Our results and those of other studies suggest that snail availability was an important link between soil calcium and Ovenbird territory density and breeding performance. 1,3 Increases in snail availability could directly affect clutch size and the probability that females produced clutches by increasing the calcium in bird diets. Indirectly, increased snail availability could make the tradeoff between acquiring calcium-rich and energy-rich food more manageable, giving females the opportunity to acquire more energy, or other resources, for reproduction. We also observed increases in bird densities with increased soil calcium, which indicates a likely indirect effect of calcium availability. Potentially, the increase in population and individual productivity could result in greater recruitment in future years. Also, if birds are using habitat variables related to soil calcium to evaluate habitat quality, these indicators would result in more bird territories. In the observational study, many habitat features changed with soil calcium, including snail abundance and vegetative characteristics that Ovenbirds could use to evaluate habitat quality. In the liming study, however, we observed very little change in vegetation (S. E. Pabian unpubl. data), which suggests that, of the variables that we measured, snails were the most likely mechanism for changes in Ovenbird abundance and reproduction.
More fertile soils usually have higher productivity, as measured by the yield in crops or timber that a soil can support. Similarly, for forest songbirds, fertile soils with more calcium were more productive. The addition of limestone sand increased soil calcium availability by approximately 2.3-fold,1 which resulted in a 1.8-fold increase in Ovenbird territory density and 1.1× larger clutch sizes. If we assume similar nesting success (as we documented) and renesting rates, the increase in territory density and clutch size yielded twice as many young from experimentally limed plots as from control sites. Extrapolating from the observational study produced a similar conclusion. Given the 0.05 territories ha-1 increase in territory density for every 10% increase in natural soil calcium, and 9.5% larger clutch sizes on high-calcium sites, we would expect a 2.82-fold difference in productivity between our lowest (5.3 meq Ca per 100 g) and our highest-calcium site (without Gypsy Moths; 12.6 meq Ca per 100 g). Further, renesting rate is higher in areas with higher soil calcium, potentially making the difference even greater. The predicted increases in productivity are also based on the assumption that survival of young is equal once they have fledged, but other research has shown that birds supplemented with calcium often produce larger fledglings24 and that larger fledglings often exhibit higher first-year survival.25 Higher potential recruitment of young fledged from sites with more calcium available would magnify the difference in productivity between low- and high-calcium sites.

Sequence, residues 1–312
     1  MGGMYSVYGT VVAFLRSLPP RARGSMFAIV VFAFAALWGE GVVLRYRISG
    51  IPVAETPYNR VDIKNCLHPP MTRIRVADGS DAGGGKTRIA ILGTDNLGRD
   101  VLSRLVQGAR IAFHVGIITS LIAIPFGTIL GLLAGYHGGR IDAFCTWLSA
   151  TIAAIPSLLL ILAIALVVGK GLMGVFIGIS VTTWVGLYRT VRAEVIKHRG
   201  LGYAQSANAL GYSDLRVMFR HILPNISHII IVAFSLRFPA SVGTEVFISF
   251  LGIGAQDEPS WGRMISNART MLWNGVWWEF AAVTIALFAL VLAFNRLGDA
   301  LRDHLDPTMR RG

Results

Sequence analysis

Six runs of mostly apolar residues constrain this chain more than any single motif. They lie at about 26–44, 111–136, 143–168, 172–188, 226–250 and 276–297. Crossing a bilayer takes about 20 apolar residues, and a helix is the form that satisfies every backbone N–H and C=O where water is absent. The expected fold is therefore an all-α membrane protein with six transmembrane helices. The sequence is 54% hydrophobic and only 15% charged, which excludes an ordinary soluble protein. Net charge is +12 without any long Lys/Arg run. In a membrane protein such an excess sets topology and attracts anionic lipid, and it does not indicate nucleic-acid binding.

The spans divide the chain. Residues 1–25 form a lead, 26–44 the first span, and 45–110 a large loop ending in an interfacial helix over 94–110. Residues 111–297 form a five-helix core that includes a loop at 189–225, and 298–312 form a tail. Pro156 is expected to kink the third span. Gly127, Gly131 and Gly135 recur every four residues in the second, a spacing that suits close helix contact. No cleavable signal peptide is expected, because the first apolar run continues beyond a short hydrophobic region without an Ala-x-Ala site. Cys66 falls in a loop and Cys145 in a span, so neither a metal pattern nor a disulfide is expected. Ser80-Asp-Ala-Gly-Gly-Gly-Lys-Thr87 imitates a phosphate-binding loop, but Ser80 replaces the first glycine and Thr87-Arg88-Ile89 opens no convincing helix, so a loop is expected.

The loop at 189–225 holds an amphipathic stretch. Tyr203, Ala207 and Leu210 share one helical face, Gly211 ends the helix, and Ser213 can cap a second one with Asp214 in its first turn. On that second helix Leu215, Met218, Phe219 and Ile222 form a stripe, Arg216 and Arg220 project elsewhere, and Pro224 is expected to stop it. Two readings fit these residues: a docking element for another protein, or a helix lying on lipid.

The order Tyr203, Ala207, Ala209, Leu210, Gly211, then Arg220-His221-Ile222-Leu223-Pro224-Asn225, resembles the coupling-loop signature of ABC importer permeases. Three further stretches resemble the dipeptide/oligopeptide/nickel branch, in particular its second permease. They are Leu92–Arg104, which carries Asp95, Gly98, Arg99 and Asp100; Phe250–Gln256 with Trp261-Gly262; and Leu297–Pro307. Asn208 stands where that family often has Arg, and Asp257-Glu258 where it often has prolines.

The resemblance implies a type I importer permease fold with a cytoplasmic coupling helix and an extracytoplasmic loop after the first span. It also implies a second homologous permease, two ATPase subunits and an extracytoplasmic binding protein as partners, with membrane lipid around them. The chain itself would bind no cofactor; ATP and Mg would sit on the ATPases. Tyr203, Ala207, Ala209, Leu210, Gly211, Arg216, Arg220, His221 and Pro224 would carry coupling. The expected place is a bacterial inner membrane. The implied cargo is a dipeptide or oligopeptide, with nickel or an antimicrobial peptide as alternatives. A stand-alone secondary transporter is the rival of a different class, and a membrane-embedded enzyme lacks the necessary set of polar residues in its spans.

Surprisingly, we observed evidence of calcium limitation without observing thin eggshells. Although thin eggshells were one of the most extreme warning signs of the negative effects of acid deposition on forest birds in Europe,3 researchers have failed to find evidence of severe reproductive anomalies in the acidified forests of North America16,26 and in other studies across northeastern forests.27,28,29 Like other North American studies, our study found no evidence of thin eggshells, even in low-calcium forests with some of the highest levels of acid deposition in the country and soil calcium levels comparable to those in Europe, where thin eggshells were observed.1,3,25 We found no relationships between any eggshell measurements and calcium availability and actually observed some of the thickest eggshells from sites with the lowest soil calcium levels.